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To be utterly shocked at my friend leaving her family...

(269 Posts)
threeinmybed Tue 04-Oct-11 15:43:35

I can't believe this is happening, I can't believe I'm posting about this... Been hanging about for a few hours trying to work up the courage and trying to word is post right.
Longtime poster, serial name changer so please bear with me.

My best friend of about 15 years has just upped and left her family. She has a husband and two children (one boy of 3 and a baby girl of 10 months). It happened totally out of the blue, and I did not see it coming at all. I actually work with her DH, who is as shocked as anyone.

We last saw one another on Sunday, for lunch. It was just she and I, and she seemed happy enough but a bit distracted. She said that she and her DH had been going through a rough patch and marriage was just such bloody hard work; she felt too young for all this etc. She asked me if I ever thought about just buggering off somewhere, leaving and never coming back. I laughed and said yes, in my worst moments I did and made a stupid joke out of it. I can't even remember what I said now, it seemed so trivial at the time. She said later on that she'd never seen herself being like this five years ago. I asked if there was anything I could help with, she just brushed it off and said 'nah, I'll get over myself!' like it was a joke and we just carried on chatting.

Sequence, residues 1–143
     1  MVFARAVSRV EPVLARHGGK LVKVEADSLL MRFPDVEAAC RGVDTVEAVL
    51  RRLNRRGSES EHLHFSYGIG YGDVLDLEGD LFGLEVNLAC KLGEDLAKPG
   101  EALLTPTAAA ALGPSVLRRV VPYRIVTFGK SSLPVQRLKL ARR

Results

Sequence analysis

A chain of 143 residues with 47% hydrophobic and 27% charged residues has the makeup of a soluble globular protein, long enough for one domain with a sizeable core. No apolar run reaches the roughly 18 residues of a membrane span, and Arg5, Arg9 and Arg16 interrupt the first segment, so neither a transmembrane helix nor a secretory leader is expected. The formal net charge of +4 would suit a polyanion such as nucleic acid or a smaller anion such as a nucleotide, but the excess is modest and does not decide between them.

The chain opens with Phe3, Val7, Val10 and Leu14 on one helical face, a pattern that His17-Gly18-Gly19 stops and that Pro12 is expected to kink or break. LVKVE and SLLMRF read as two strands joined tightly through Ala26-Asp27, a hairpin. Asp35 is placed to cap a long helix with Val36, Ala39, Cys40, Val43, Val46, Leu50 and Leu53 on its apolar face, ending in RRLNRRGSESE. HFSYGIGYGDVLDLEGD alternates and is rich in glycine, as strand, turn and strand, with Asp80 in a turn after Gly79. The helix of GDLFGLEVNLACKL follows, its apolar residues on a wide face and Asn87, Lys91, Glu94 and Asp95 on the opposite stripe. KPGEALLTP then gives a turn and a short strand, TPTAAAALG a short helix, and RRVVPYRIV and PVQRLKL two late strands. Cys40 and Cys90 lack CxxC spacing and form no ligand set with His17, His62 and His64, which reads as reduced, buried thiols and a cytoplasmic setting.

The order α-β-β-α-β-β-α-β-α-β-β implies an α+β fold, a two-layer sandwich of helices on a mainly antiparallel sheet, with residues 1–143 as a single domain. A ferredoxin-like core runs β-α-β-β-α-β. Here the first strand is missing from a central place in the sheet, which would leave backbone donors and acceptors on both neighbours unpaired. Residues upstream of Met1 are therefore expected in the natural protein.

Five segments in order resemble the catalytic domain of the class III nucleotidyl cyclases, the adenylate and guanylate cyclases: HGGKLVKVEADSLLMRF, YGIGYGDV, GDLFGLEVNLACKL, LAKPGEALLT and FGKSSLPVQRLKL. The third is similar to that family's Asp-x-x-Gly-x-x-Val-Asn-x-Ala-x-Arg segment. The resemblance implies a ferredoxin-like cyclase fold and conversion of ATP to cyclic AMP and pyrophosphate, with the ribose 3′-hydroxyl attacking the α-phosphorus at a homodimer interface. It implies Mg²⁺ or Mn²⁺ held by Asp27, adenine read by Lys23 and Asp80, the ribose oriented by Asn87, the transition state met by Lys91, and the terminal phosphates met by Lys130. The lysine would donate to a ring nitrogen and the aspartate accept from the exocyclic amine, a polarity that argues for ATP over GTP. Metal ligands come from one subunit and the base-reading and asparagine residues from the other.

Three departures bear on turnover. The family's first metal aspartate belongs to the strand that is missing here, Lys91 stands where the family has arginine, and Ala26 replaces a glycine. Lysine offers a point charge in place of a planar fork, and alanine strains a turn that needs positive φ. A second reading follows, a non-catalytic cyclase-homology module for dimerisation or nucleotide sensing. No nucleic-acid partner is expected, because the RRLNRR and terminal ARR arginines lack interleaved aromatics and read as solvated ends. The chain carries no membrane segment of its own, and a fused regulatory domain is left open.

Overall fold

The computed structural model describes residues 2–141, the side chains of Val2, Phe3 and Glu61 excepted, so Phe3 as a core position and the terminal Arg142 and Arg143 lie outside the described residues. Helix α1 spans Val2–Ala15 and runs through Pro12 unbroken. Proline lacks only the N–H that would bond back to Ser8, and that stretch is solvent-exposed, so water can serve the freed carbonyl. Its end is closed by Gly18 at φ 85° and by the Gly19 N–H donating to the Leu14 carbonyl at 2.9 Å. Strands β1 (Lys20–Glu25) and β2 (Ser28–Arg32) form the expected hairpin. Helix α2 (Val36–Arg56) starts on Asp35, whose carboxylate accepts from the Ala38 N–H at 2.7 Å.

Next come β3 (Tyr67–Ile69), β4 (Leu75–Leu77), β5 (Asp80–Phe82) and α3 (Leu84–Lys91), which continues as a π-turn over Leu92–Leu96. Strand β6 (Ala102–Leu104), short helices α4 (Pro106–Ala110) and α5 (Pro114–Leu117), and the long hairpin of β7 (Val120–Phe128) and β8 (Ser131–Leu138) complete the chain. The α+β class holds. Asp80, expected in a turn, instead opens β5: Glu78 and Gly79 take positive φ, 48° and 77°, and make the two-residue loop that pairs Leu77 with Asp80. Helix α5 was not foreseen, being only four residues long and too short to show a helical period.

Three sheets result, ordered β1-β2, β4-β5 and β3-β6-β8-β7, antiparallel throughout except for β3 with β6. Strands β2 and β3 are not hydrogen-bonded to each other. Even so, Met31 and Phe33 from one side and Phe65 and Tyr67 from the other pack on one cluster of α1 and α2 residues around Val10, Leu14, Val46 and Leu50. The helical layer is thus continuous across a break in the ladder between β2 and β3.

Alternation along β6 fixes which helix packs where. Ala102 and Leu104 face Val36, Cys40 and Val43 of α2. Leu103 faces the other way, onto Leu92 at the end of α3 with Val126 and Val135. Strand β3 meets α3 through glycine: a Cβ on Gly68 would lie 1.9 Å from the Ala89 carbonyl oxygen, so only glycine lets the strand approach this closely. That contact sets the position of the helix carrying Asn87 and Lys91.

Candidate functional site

Yesterday, I was on a team building day at work and I got a text message that said not to worry, but that she was safe and she'd be in touch really soon. I was in the middle of no where so I couldnt call her back. I got home later in the afternoon to find her DH standing at my door, in an absolute state. He said they'd had an argument the night before and that she said she was leaving and not coming back, she wanted a divorce and she couldn't take the kids anymore, not one more second of them. She said she was happy to pay her way for them, but this wasn't the life she wanted and she was sorry.